Nobel Prize committee member highlights ‘first principles’ approach by Bernanke, Diamond and Dybvig

A commitee member of the Nobel Prize in economics has highlighted the “first principles” approach by Ben Bernanke, Douglas Diamond and Philip Dybvig in analyzing systemic risk in the banking sector as a key strength of the economists’ work.

Speaking with Econ Job News, Chicago Booth Professor Per Strömberg said the three economists’ research was ahead of its time because it focused on responding to fundamental, unanswered questions that remain crucial even as the banking industry changes.

He said: “One of the reasons why this series was so important is that for the first time they tried to understand financial institutions from first principles. Why do these animals appear in the economy, and what use are they? That’s actually made the series way more applicable to financial markets because financial markets evolve over time.”

Strömberg added: “The banks that were dominating 50 years ago, or even 30 years – now we have shadow banks, this and that – but the theories are equally applicable to these new phenomena as well, and I think that’s the strength of using these theories. They can adapt to an evolving world.”

He spoke with this publication after the trio of economists on Oct. 10 were jointly awarded the 2022 prize for their body of work on banking and regulatory oversight, including three pieces of research published during the early 1980s.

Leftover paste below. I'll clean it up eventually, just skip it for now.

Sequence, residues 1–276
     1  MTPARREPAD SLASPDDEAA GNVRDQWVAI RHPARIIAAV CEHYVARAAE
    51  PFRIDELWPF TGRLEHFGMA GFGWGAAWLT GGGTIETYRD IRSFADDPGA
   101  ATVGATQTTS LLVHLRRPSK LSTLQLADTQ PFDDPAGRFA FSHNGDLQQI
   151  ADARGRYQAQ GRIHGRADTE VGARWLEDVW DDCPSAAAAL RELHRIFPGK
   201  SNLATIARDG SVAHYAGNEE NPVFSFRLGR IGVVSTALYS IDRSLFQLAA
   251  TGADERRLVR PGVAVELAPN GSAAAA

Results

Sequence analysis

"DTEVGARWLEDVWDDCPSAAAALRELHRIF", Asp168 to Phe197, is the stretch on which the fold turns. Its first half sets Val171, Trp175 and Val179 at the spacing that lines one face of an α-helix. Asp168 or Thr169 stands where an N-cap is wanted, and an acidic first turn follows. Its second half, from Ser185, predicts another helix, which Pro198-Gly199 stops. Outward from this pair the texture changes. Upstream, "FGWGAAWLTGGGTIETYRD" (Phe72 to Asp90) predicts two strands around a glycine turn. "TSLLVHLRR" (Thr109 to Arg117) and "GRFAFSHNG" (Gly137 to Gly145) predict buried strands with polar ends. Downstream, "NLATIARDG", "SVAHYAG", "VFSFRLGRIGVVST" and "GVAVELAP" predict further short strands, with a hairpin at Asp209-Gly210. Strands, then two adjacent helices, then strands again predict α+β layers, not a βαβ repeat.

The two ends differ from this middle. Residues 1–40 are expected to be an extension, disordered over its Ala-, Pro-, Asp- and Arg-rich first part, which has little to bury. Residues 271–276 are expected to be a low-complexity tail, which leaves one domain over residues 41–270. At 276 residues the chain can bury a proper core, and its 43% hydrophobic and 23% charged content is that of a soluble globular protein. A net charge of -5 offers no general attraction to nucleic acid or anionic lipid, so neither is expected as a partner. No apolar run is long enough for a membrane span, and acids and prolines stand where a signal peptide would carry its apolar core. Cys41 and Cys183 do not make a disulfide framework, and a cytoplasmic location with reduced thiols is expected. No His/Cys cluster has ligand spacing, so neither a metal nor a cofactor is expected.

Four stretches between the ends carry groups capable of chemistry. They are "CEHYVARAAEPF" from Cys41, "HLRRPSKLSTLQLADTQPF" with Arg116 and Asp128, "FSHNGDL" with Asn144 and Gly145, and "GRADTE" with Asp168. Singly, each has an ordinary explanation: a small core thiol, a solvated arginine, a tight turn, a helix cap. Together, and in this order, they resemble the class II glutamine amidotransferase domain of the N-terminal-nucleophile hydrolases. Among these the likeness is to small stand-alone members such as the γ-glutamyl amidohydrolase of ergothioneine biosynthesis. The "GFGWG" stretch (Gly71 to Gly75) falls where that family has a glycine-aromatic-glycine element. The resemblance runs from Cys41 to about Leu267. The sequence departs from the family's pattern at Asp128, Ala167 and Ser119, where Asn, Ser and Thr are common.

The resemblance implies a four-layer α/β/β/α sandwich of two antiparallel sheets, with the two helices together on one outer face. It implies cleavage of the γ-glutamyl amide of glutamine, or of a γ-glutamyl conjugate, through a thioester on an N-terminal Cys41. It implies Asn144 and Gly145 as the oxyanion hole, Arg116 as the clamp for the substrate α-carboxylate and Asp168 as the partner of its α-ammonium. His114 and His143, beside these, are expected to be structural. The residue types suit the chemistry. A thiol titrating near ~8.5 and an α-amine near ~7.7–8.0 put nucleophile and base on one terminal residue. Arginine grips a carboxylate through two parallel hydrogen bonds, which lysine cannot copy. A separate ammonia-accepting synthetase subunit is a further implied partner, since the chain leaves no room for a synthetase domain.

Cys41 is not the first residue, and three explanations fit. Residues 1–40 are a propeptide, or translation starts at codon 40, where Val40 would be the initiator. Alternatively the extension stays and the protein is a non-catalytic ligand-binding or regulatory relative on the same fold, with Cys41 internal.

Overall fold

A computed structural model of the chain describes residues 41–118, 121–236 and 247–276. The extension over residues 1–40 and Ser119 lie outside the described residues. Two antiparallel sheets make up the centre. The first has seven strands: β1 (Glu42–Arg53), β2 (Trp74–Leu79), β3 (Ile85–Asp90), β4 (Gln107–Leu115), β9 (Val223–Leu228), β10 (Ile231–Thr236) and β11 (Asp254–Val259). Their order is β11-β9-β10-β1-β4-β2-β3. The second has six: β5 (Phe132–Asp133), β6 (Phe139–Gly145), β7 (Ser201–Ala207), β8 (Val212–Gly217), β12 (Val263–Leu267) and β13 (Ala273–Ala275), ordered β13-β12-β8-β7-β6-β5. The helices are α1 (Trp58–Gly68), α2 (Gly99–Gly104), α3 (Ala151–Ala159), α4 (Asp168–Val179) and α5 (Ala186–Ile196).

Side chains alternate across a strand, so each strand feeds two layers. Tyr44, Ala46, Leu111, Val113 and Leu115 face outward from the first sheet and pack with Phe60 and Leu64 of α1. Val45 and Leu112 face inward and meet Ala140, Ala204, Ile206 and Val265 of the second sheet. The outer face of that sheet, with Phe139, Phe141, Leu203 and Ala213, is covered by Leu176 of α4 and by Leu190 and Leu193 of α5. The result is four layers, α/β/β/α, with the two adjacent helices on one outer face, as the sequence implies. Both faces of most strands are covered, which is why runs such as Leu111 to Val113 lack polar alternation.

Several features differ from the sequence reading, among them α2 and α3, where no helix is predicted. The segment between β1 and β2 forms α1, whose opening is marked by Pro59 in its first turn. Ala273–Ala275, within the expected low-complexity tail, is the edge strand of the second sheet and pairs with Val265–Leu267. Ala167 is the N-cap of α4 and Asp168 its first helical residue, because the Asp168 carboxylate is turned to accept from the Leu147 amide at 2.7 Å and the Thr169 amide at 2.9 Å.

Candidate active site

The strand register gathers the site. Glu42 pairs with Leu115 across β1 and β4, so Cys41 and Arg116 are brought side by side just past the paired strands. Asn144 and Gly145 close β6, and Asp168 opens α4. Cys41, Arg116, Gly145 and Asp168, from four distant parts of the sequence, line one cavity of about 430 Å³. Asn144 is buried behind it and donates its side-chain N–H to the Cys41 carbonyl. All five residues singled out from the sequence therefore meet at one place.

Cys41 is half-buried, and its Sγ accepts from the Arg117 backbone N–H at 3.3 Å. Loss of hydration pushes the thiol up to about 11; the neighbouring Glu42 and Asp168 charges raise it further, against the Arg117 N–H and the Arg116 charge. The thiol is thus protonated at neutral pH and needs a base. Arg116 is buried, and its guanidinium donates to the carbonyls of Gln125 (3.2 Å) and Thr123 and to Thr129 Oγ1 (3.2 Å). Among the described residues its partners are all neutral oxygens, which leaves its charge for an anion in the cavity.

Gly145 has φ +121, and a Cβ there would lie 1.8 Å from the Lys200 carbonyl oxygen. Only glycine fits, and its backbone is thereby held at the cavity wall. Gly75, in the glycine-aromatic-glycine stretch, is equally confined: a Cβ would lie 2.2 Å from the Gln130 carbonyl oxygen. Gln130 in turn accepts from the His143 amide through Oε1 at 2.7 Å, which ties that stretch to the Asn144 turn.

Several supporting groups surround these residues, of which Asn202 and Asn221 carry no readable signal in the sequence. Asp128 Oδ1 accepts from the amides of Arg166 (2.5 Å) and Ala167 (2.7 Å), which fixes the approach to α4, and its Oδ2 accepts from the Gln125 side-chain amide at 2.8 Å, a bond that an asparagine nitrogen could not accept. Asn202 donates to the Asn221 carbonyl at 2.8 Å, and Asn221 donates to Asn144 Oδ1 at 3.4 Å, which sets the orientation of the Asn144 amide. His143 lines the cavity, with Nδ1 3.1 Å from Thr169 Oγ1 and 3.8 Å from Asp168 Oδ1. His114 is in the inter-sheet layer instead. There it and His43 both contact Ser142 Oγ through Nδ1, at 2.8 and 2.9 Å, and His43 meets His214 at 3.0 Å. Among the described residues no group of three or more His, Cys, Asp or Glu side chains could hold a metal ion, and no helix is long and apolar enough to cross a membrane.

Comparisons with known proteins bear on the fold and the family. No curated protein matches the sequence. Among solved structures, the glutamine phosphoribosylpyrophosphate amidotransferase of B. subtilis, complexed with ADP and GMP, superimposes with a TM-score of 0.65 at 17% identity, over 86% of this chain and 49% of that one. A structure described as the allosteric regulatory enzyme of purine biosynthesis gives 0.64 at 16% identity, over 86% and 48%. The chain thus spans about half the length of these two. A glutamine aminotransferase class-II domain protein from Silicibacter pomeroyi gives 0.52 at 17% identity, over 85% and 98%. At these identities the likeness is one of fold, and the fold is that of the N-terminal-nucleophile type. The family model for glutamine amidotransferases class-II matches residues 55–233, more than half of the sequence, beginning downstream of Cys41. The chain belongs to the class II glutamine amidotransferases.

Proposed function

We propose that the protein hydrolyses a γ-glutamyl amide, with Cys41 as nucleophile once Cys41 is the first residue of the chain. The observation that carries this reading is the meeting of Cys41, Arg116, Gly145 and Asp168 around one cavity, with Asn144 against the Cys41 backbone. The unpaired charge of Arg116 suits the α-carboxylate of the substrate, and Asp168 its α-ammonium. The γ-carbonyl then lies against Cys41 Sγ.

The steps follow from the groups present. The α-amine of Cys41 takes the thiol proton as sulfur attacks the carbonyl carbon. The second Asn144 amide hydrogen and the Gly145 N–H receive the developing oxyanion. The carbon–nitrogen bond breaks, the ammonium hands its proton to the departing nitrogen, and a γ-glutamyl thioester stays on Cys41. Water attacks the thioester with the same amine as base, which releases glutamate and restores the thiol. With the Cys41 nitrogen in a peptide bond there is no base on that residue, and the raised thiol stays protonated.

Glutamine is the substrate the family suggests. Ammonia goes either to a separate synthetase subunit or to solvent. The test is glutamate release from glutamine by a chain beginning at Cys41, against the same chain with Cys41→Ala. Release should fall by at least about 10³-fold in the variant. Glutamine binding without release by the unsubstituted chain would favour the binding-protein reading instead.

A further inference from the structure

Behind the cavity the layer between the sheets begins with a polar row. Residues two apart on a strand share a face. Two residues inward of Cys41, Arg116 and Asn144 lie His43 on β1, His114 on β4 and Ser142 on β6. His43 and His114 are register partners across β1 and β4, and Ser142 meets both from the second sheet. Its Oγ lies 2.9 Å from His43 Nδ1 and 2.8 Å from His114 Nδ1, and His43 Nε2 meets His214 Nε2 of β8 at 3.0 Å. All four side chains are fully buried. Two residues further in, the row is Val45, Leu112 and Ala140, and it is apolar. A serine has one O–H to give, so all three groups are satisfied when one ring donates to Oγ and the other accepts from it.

Douglas Diamond and Philip Dybvig in their 1983 paper Bank runs, deposit insurance, and liquidity presented a theory that showed that valuable maturity transformation is inherently vulnerable.

Meanwhile, Diamond in a 1984 paper Financial Intermediation and Delegated Monitoring developed the theoretical insight that delegated monitoring allows savers to get access to safe, high returns.

Bernanke received the award for addressing questions of systemic banking stability through empirical research in his 1983 paper Nonmonetary effects of the financial crisis in the propagation of the Great Depression. This used historical evidence and data to explain the importance of banking credit channels in deepening the crash.

Speaking to this publication, Strömberg emphasized that the prize is focused on honoring economists whose work has had deep, practical implications for society at large.

He said: “There’s nothing more practical than a good theory … [w]e thnk a lot about that. This is not the prize for mathematical elegance, it’s a prize for contributions that we can argue have helped society and mankind.”

“I think this year’s prize is a very good example of that because the Diamond-Dybvig theory and the Diamond paper have actually proven to be extremely practical to understand the world around us.”

Strömberg is Visiting Professor of Finance at Chicago Booth School of Business and Centennial Professor of Finance and Private Equity at the Stockholm School of Economics. He is a member of the award committee for the Sveriges Riksbank Prize in Economic Sciences in Memory of Alfred Nobel 2022.